A core sampler
listing the submorphs in an outliner, with their colors (on the left) and their
resize modes (two buttons on the right).

A core sampler listing the submorphs in an outliner, with their colors (on the left) and their resize modes (two buttons on the right).

To access the core sampler, simply right-click any existing morph and select Core sampler....

Opening the core

Opening the core sampler.

The core sampler is extremely helpful to figure out why a submorph is misbehaving, because you can directly see its hierarchy and open an outliner for it, debugging the morph as it operates. This is one of my favorite parts of Self, because you interact with the system while it’s running, having all debugging info at hand.

Now that we looked into Morphic, let’s build something with it.

Building an application with Morphic

Let’s build a desktop calculator. It’s better than a toy example (because it actually does something) while being simple enough that this post won’t become too long (longer than it already is, anyway). The hierarchy of the final calculatorMorph is presented below.

    columnMorph (layout)
        rowMorph (titleBar)
            labelMorph (title)
        uglyTextEditorMorph (editor)
        rowMorph (buttonRows at: 0)
            buttonMorph ('(')
            buttonMorph (')')
            buttonMorph ('CE')
            buttonMorph ('+')
        rowMorph (buttonRows at: 1)
            buttonMorph ('7')
            buttonMorph ('8')
            buttonMorph ('9')
            buttonMorph ('-')
        rowMorph (buttonRows at: 2)
            buttonMorph ('4')
            buttonMorph ('5')
            buttonMorph ('6')
            buttonMorph ('*')
        rowMorph (buttonRows at: 3)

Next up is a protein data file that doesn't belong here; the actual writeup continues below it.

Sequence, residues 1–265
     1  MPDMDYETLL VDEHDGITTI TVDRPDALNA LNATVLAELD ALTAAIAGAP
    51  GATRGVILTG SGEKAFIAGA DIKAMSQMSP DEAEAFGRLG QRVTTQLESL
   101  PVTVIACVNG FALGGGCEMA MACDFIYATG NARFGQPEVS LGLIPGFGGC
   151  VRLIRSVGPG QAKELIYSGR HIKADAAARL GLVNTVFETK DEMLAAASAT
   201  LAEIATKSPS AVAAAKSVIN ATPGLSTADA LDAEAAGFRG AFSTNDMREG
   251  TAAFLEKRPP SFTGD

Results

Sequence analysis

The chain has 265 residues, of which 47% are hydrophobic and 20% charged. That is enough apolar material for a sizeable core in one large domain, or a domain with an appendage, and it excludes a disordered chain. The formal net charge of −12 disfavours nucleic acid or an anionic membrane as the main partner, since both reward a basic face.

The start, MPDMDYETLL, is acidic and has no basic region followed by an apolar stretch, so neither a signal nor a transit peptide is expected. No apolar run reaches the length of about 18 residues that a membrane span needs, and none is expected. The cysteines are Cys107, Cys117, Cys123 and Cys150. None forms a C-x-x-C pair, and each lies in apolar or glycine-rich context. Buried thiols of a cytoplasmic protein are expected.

buttonMorph ('1')
            buttonMorph ('2')
            buttonMorph ('3')
            buttonMorph ('/')
        rowMorph (buttonRows at: 4)
            buttonMorph ('.')
            buttonMorph ('0')
            buttonMorph ('BS')
            buttonMorph ('=')
Our finished

Our finished product.

Let’s start out by copying frameMorph, which provides a rectangular frame around its contents. Open a shell with New shell... from the background menu, and type in frameMorph then “Get it” to get the frameMorph prototype.

The frameMorph prototype as we saw it earlier.

The frameMorph prototype as we saw it earlier.

Earlier we talked about copy-downs and said this is how we create “sub-classes” of morphs. We will now copy-down frameMorph as the basis of our calculatorMorph. Middle-click frameMorph’s header and click "Subclass" Me (this is the easy method of copying down we talked about earlier). When asked for a copydown selector, leave it as the default and click “Okay”.

“Subclassing” frameMorph.

“Subclassing” frameMorph.

The copydown
selector dialog.

The copydown selector dialog.

Our frameMorph “subclass”. Notice the “a” before the name.

Our frameMorph “subclass”. Notice the “a” before the name.

You can now dismiss the original frameMorph either with right-click > “Dismiss” or with the X on the top right.